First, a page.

By David Nagel

Relentless and ruthless domination has been the signature move of the Berwick Football Club in 2017 and the hallmark of its 47-point victory over Narre Warren at Holm Park Reserve on Saturday.
Grand final day provided rookie-coach Stewart Kemperman and his side with the perfect opportunity to rubber stamp an unbeaten season in the style it knows best – by sucking the life out of everything!
And it didn’t waste the occasion, producing a performance that showcased its eternal legacy of suffocating every living morsel in its path.
The Wickers squeezed the life out of the most potent attacking force in the competition, rendering it useless against the best defensive unit in the 13-year history of the league.
Some have come close, but no team has bettered the Wickers average concede of 44 points per game this season.
Narre Warren, well it had the better of the opening exchanges, looking sharp early, taking advantage of its red-hot form and the Wicker’s initial rustiness after a week off.
Stewart Scanlon led the way in the pressure stakes for the Magpies, who hit the scoreboard first through Dean Kelly.
But Berwick responded, and responded in the fashion of a great team, kicking the next eight goals and keeping the Magpies under wraps for close to an hour.
Tim Gunn launched the assault with two long bombs, aided by the breeze, followed by Jarrod Kemperman and Bryce Rutherford, before Will Arthurson’s goal made the biggest statement of the first term.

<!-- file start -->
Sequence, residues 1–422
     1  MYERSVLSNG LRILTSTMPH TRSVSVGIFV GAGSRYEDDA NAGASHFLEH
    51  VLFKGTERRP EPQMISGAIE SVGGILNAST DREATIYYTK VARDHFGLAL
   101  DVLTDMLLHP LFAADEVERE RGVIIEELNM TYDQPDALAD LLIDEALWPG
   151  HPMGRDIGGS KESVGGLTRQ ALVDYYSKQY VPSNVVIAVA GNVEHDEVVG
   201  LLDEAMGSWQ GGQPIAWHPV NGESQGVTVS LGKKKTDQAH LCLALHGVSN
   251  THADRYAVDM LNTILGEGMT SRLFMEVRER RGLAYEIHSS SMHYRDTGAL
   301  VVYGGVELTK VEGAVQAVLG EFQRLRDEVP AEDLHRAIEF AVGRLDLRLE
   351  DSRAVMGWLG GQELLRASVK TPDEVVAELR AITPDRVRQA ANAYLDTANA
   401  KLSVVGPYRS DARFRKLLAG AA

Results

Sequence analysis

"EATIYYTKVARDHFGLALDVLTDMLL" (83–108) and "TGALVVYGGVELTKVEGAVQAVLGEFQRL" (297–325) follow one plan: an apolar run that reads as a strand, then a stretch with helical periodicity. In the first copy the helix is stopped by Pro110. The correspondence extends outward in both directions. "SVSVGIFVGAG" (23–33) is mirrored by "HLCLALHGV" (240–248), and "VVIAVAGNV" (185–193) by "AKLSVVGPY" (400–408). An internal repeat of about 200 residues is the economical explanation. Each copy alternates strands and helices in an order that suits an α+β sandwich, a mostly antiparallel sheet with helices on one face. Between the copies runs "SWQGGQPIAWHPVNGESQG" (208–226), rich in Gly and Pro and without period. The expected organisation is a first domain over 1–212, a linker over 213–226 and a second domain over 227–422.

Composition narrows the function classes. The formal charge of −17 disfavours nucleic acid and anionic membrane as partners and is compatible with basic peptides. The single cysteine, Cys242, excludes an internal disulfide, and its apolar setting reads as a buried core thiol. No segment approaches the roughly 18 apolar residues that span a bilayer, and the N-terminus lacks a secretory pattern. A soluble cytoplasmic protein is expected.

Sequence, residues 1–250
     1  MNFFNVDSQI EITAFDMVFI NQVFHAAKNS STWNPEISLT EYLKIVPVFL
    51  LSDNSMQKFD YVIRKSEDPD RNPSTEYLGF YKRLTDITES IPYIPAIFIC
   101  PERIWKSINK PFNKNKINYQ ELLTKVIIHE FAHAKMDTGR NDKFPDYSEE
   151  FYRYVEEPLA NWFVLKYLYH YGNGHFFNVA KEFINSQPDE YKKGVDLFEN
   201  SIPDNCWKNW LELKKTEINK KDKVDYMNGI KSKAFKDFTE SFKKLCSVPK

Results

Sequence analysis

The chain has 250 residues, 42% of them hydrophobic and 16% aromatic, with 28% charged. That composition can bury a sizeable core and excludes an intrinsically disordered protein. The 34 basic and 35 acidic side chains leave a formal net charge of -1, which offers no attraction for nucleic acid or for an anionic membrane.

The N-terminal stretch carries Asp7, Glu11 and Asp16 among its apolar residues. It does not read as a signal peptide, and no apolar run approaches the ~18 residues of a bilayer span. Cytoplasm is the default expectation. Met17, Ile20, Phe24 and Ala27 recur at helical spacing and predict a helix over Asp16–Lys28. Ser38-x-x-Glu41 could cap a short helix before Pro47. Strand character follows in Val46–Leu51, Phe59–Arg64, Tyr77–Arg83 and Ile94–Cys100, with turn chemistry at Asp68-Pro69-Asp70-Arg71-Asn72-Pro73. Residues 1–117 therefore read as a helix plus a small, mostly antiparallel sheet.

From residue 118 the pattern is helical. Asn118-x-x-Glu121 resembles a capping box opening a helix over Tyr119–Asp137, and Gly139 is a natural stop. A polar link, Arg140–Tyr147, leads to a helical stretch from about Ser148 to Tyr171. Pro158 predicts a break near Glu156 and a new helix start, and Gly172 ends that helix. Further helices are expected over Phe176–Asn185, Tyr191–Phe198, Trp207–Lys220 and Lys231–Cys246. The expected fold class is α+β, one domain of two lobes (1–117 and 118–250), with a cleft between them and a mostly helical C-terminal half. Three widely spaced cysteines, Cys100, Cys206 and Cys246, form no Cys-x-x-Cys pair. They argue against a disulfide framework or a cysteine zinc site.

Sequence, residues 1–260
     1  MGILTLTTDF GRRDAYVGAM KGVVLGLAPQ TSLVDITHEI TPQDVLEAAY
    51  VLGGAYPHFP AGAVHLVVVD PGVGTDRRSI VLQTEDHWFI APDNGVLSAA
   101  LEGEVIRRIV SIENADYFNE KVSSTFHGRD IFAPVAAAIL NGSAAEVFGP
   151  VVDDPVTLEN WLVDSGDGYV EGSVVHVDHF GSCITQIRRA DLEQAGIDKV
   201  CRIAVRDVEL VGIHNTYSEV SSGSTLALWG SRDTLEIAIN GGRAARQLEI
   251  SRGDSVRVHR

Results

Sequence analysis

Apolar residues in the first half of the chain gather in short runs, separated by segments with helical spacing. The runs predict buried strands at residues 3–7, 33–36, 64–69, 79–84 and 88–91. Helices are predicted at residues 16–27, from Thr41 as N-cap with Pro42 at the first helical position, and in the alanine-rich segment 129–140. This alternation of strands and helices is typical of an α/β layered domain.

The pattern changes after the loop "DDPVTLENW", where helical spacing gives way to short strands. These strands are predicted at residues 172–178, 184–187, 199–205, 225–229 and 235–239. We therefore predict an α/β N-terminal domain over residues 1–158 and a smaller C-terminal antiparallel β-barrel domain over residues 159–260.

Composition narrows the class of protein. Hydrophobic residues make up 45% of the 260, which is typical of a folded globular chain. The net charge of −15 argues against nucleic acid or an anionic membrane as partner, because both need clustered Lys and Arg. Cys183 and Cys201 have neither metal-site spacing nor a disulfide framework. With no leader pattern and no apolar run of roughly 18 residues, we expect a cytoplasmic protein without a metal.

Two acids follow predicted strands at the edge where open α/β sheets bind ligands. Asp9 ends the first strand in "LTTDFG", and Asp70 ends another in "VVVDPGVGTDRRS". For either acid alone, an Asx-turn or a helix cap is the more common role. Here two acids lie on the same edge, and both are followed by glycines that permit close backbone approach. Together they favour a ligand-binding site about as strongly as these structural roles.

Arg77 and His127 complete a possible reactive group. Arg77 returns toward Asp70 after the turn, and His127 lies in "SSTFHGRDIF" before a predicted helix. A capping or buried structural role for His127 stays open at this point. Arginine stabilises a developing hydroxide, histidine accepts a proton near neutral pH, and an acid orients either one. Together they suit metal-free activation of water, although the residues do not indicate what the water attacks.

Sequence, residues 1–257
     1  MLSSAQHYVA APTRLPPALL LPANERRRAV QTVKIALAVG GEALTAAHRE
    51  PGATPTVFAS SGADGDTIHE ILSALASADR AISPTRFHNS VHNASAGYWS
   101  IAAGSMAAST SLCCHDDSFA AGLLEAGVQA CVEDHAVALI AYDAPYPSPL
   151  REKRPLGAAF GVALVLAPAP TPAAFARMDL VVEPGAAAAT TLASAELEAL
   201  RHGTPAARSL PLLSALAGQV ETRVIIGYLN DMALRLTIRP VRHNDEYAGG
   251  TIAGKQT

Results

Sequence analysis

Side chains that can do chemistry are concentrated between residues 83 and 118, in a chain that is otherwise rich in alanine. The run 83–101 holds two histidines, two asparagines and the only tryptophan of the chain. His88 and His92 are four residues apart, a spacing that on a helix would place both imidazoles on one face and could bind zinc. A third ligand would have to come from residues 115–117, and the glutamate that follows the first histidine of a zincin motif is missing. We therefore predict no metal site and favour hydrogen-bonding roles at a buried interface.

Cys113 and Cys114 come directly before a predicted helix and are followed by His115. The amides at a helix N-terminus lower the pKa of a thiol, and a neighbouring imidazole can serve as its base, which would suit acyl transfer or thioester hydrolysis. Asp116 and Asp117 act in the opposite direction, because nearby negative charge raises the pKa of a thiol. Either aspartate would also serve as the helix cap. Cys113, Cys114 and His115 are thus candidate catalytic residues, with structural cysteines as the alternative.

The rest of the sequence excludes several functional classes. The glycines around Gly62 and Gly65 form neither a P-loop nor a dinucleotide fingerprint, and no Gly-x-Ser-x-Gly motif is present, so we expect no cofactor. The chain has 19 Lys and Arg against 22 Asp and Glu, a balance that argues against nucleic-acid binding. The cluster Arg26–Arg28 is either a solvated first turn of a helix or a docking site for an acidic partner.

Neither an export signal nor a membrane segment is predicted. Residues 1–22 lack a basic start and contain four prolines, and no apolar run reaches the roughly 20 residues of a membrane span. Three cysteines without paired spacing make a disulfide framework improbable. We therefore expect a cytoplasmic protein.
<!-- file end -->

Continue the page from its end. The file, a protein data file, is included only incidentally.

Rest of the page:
Not only did it kick the Wickers out to a 22-point lead, but space was found far too easily – the squeezing was starting to take its toll.
And Berwick’s second quarter, against a fading wind, was typical of its overall versatility this year.
Just as they did against Cranbourne in the second semi-final, the Wickers turned their attention from an open style of play to a more circumspect method around the stoppages.
Gun midfielders like Madi Andrews, Bryce Rutherford and James Magner absorbed the Magpies best shot, helped by the ruckwork of Kemperman and Andrew Morozoff, while defender Michael Johnson was starring in defence.
In the absence of the injured Michael Riseley – Johnson’s value was immeasurable.
Berwick kicked 2.3 to 0.3 in the second term to extend its margin to 35 points at half time and then began to tick down the clock to just the eighth premiership in the club’s history.
Rutherford went bang, answered by two quick salvos from Hayden Stagg, before Gunn and Ash Smith had the engravers ready and waiting.
Smith’s signature goal – clinical from long range at the 21-minute mark – broke the Magpies spirit, with goals to Arthurson and Harry Money finishing off the job. Gunn finished with four, and Money three for the winners, while skipper Andrews was a thoroughly deserving winner of the best-on-ground medal.
The last quarter, well it was the longest of Narre Warren coach Heath Black’s career.
“It was a great effort to get there but that last quarter was the longest quarter of my life,” Black explained.